By Brian Bearden, TSB Contributing Writer
Collin County GOP elected chairman Fred Moses, the first African-American in his post, credits hard-working candidates and volunteers for winning recent local and state elections.
Moses led the local Republicans to a high percentage of straight ticket voters during a presidential election. Sixty-eight percent of Republicans cast straight-ticket ballots. That’s up from 66 percent in 2008, but still down from 73 percent in the tea party-inspired 2010 elections.
The primary races in Collin County also had spirited local races, especially for the state representative and judicial posts.
Moses, who occassionally catches heat for being a Republican, told the diverse Collin County Lincoln Society that he has been fighting for GOP candidates since he was a teenager.
“I take it as a compliment,” Moses said, adding his job is to go after all voters, not just the ones who have voted Republican in previous elections.
Moses does not see talk of secession as leading anyone to the promised land.
“I am a traditionalist,” Moses said. “This is a great country. This is about the United States. This is a melting pot. We all have a vested interest in the good of America. We don’t need to be running around talking about secession. I know people can get frustrated, but we are better than that. We can’t take all of our marbles and go home. That is not who we are.”
Moses said that America still has a great future.
“People will do anything, and are doing anything, to come to America,” Moses said. “This is the land of the free. Texas is the shining star. We need to be a part of America. People are moving from all over America to Texas. We need to be part of the land of the free, and be a leader. We need to be a part of America.”
Moses said Republicans voted a straight ticket in larger numbers across Collin County than in 2008.
Collin County and North Texas saw an increase in the number of votes for Democrats in 2012. Moses said as Collin County goes from a population of around 800,000 to two million by 2020, Republicans will have to work harder than ever for votes.
“There will be more Republicans moving in, and there will be more Democrats moving in, too,” he said. “Our problem is we still have a lot of people not voting. We didn’t get out our vote nationally like we needed to this time.
“We think Collin County is always going to be Red [and voting for Republican conservative candidates],” Moses said. “WRONG! That trend is changing. The train is coming. If we are not ready, the train will run us over.”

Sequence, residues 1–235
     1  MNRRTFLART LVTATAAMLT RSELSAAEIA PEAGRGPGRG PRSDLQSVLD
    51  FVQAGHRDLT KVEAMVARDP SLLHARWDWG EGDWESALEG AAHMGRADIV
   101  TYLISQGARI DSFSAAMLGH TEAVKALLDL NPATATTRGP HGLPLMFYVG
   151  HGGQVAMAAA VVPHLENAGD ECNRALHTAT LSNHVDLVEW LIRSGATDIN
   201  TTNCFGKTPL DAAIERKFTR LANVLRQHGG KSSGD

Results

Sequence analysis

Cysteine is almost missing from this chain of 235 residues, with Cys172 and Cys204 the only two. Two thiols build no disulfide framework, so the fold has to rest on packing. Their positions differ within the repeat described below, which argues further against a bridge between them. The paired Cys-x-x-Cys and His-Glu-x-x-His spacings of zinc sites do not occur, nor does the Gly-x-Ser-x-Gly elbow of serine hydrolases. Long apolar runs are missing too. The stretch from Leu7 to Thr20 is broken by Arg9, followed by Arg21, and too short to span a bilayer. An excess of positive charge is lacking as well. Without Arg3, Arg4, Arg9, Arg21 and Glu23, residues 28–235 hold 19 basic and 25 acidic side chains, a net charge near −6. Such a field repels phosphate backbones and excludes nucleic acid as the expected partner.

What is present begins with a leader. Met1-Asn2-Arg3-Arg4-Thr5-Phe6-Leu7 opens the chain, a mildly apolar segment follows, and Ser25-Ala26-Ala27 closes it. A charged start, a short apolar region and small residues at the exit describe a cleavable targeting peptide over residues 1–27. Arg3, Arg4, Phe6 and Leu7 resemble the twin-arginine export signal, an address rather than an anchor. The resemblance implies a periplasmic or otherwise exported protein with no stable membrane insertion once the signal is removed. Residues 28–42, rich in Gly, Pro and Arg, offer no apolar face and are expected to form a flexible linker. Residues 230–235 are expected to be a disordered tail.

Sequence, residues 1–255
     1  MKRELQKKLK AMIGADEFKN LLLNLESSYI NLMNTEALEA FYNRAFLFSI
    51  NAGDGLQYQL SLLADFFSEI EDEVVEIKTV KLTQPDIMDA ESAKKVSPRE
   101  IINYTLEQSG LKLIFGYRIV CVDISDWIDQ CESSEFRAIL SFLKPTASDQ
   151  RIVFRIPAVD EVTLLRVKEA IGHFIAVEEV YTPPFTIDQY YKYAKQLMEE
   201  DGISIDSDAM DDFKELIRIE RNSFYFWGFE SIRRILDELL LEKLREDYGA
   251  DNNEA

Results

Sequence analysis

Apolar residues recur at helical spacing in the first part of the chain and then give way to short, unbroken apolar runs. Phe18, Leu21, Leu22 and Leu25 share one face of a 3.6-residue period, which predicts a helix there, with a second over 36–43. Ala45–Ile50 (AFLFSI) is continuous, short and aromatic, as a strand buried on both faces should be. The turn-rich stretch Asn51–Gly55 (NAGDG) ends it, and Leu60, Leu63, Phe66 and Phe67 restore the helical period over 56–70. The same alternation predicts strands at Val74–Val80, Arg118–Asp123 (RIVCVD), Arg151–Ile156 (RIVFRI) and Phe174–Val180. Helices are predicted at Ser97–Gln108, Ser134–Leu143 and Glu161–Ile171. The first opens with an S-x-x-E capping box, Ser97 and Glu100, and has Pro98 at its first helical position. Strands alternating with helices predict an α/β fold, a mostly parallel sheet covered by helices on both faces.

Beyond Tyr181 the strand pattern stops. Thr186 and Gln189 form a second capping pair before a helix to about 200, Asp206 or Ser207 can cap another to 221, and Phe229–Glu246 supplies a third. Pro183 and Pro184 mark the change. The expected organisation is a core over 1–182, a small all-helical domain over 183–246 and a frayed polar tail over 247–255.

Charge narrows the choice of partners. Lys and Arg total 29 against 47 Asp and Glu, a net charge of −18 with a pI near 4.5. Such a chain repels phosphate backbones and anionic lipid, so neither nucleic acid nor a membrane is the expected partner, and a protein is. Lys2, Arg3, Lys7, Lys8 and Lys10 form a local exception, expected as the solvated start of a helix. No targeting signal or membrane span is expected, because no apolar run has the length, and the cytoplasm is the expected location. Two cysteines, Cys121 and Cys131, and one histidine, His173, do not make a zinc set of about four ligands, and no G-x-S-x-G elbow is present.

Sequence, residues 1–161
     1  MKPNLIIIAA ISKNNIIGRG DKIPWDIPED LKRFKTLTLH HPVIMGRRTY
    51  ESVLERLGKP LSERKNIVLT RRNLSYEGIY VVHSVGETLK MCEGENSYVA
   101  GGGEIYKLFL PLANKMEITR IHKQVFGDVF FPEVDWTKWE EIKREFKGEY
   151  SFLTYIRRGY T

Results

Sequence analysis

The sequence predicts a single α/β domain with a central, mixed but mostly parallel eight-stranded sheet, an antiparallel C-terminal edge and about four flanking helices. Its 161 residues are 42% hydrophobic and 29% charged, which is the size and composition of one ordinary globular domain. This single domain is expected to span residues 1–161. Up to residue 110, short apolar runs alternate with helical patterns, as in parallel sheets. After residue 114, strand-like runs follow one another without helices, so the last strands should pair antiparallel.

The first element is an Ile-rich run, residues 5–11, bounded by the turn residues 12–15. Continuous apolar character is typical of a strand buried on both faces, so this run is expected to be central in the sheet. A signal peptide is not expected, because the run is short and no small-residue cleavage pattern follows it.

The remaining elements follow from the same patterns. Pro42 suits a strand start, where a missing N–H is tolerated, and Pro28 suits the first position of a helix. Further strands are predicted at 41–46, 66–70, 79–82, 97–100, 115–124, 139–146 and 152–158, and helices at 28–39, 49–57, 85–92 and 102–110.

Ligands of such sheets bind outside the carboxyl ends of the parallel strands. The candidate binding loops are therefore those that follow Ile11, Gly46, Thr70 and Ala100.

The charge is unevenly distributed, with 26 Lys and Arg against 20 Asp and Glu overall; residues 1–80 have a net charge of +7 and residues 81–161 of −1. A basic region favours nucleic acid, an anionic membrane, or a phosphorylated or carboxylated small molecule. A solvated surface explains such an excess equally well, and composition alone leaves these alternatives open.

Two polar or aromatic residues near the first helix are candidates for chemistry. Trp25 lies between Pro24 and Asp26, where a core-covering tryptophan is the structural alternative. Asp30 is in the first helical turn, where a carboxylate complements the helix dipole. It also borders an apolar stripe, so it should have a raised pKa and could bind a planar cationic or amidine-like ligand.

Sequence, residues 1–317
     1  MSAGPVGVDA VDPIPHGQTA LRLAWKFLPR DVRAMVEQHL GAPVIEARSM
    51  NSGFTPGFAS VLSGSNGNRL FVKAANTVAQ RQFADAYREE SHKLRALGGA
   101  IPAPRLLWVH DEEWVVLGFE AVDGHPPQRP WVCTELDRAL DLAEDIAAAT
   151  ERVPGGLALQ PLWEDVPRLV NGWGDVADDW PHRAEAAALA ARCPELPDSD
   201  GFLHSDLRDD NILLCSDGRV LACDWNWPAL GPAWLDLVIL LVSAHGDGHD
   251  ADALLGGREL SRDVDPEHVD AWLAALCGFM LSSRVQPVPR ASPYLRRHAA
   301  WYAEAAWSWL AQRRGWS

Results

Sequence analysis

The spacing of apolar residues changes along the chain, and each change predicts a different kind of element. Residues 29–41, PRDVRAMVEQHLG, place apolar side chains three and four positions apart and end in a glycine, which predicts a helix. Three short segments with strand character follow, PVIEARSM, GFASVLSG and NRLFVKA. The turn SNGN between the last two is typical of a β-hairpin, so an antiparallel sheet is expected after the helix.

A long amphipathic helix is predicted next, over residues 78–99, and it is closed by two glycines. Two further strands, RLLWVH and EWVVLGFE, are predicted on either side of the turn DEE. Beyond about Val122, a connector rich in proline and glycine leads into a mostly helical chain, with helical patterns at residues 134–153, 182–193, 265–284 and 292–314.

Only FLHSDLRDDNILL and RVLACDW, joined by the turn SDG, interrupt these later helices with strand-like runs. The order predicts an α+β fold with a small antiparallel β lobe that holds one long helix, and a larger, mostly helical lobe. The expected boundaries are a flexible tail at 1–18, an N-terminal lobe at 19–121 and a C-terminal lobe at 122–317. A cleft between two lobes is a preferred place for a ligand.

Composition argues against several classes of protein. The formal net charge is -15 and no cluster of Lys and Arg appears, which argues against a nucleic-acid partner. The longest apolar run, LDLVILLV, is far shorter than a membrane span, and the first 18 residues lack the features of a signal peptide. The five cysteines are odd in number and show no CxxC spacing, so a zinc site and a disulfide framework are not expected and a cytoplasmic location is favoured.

Shawn Stevens, chairman of the Democratic Party of Collin County, said, “Democrats have received over 100,000 votes in the last two Presidential elections, and in this most recent election, a record number of voters chose to vote a straight Democratic Party ticket, as our straight Democratic ticket totals climbed here in Collin County, in contrast to Dallas County, where the number of straight Democratic Party votes declined. We are encouraged by the fact that the 5th Court of Appeals races were within 6 points of being won by Democrats again this year, and we expect that more attention will be focused on those winnable regional races in the next election.”
Moses said the minority population is rising quickly in Collin County.
“The numbers are real,” Moses said. “We are the third fastest growing county for Democrats in the state.”
The GOP chair said 14 of 202 counties voted in the majority for Democrats in Collin County in 2012. That’s up from 2008.
Democrat Lynn Windle sees her party emerging.
“Four years ago, I thought that Collin County was turning purple, but nobody believed me,” Windle said. “Democrats were still hiding in the closet then. We were afraid to make our affiliation known, afraid to put signs in the yard. Afraid of reprisal from friends and neighbors.
“The last four years changed that,” she said. “I realized that if I didn’t speak up for my rights and beliefs, nobody would. Other Collin County Democrats felt that way too. Through social media, we were able to connect and discover that there are more of us than we realized. And more Independents who agreed with us, too. That connection is giving a new, stronger voice to the Democrat Party here. Collin County Democrats are finally coming out of the closet.”